Orthopedic surgery

The knee – correlations of MRI and arthroscopy

Magnetic resonance imaging (MRI) exams of the knee are essential to orthopedic surgeons for diagnosing the cause of symptoms in patients with knee pain and planning arthroscopic treatment. Yet the surgeons who treat patients based on knee MRIs and the radiologists who interpret those knee MRIs often work in their own silos of specialization, rarely communicating and sharing information, according to William Palmer, M.D., Director of Musculoskeletal Radiology & Intervention at Massachusetts General Hospital, a teaching hospital of Harvard Medical School in Boston.

portrait of william palmer
William Palmer, M.D. is Director of Musculoskeletal Radiology & Intervention at Massachusetts General Hospital (MGH).

This lack of communication puts radiologists at a learning disadvantage. Although radiologists review many MRI studies of the knee and report findings, including meniscal tears and cartilage defects, they may not receive feedback on the accuracy of their interpretations. A meniscus that a radiologist reports as torn may be diagnosed as normal at arthroscopy, or a meniscus that a radiologist reports as normal may be diagnosed as torn at arthroscopy. Without feedback from surgeons or access to arthroscopy notes, radiologists work in a vacuum. They may fail to learn about their mistakes and, therefore, are more likely to repeat their diagnostic errors.

Because arthroscopy is the gold standard in the diagnosis of internal derangements of the knee, Dr. Palmer was asked to give a talk entitled “Knee: MRI - Arthroscopy Correlation” at the 18th MRI Symposium in Garmisch. Dr. Palmer plans to use a biomechanical approach to MRI interpretation in the setting of knee trauma, focusing on sports-related meniscal tears and anterior cruciate ligament injuries. He will compare the MRI and arthroscopic appearances of knee structures and internal derangements.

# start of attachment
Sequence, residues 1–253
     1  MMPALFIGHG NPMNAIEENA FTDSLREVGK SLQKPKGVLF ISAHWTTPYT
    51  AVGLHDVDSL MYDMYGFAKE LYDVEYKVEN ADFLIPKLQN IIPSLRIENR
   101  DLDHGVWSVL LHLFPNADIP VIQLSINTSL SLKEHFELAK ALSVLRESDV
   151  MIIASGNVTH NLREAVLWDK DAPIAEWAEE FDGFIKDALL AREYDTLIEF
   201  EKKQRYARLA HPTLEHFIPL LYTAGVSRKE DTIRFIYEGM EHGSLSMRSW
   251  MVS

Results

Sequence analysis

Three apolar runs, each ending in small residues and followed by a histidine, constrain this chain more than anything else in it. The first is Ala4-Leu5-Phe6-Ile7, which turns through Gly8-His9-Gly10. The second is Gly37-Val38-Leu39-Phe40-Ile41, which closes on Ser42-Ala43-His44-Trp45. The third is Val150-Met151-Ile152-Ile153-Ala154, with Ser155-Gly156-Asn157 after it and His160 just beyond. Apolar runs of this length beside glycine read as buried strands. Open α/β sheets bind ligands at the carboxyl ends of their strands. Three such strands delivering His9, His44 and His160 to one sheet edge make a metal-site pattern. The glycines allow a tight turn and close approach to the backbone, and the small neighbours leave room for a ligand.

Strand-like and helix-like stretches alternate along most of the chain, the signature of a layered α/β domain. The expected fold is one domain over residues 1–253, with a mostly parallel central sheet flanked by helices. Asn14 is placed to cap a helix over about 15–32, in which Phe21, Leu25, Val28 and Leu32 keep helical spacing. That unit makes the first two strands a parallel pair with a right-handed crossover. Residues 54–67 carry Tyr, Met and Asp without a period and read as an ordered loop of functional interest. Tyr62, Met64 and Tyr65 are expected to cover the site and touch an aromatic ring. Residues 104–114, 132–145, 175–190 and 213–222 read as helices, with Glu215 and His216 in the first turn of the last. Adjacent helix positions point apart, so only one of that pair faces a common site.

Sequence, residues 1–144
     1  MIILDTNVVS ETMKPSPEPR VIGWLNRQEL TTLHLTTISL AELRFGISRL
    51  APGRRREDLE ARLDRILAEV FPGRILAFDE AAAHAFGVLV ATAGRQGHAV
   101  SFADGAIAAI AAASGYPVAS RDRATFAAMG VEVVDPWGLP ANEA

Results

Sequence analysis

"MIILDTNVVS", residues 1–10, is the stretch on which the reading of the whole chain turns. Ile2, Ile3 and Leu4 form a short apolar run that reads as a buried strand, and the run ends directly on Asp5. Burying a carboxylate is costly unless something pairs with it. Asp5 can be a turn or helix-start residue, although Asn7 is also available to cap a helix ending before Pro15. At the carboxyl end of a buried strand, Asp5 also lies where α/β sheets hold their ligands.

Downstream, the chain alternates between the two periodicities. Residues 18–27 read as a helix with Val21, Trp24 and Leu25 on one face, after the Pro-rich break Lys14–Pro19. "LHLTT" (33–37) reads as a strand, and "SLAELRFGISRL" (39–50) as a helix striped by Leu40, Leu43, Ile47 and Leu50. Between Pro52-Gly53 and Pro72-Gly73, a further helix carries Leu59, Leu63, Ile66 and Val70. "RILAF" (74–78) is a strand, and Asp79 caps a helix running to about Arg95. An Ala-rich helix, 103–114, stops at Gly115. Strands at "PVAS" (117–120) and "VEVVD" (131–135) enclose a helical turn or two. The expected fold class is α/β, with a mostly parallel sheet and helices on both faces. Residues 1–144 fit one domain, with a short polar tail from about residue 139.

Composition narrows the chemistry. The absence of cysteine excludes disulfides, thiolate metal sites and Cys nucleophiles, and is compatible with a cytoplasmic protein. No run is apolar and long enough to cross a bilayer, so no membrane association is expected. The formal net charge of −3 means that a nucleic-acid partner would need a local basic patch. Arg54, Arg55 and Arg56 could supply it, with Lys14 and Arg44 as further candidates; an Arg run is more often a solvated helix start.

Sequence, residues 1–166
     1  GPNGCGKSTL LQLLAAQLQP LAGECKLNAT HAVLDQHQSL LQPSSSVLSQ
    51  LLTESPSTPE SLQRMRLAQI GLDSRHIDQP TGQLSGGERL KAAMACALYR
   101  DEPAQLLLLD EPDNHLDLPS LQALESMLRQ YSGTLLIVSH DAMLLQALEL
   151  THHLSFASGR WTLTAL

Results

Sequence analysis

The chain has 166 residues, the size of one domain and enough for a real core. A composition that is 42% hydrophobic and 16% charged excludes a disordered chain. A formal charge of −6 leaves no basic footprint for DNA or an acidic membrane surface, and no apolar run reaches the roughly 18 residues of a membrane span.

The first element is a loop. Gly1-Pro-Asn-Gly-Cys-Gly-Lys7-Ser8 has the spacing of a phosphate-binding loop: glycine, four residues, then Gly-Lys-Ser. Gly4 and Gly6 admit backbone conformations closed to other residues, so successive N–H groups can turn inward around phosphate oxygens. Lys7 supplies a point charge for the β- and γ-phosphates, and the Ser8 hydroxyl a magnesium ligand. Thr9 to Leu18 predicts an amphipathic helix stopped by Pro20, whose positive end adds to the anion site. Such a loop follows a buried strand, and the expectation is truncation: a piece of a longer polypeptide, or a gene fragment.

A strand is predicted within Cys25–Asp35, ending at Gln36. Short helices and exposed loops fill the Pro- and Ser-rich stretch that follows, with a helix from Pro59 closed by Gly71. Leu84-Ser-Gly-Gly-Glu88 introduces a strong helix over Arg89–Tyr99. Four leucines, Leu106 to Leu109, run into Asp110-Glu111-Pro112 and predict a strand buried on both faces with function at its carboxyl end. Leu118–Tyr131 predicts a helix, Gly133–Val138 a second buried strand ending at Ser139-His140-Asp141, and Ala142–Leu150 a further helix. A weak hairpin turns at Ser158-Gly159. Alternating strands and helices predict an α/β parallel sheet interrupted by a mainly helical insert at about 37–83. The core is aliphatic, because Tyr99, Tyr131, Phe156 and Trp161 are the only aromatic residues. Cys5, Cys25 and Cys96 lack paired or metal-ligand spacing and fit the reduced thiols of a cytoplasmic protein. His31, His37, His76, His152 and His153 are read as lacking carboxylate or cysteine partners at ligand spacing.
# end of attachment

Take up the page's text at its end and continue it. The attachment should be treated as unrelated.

Dr. Palmer states that “This comparison can be a powerful educational tool. By correlating MRI findings with arthroscopy of the knee, I hope to teach radiologists about patterns of injury and the diagnosis of subtle but important structural abnormalities.”

Profile:
William Palmer, M.D. is Director of Musculoskeletal Radiology & Intervention at Massachusetts General Hospital (MGH). He received his M.D. from Yale University in 1984, and obtained board certification in Internal Medicine (1987, Hospital of the University of Pennsylvania) as well as Radiology (1991, MGH). He completed fellowship training in MRI at Massachusetts General Hospital (MGH) and joined the MGH radiology staff in 1991. He became its Director of MRI in 1995. Clinical expertise includes sports imaging, arthritis and spine intervention. He oversees 9 MSK radiologists and 5-7 fellows.

Sesssions:
Freitag, 18.01.2019, 08:20–08:50 Uhr
MRT des OSG
William Palmer, M.D. (Boston)
Session: Muskuloskelettale Bildgebung

Freitag, 18.01.2019, 14:20-14:40 Uhr
Das Knie: Korrelation von MRT und Arthroskopie
William Palmer, M.D. (Boston)
Session: Film-reading und special focus sessions: MSK & Abdomen

16.01.2019

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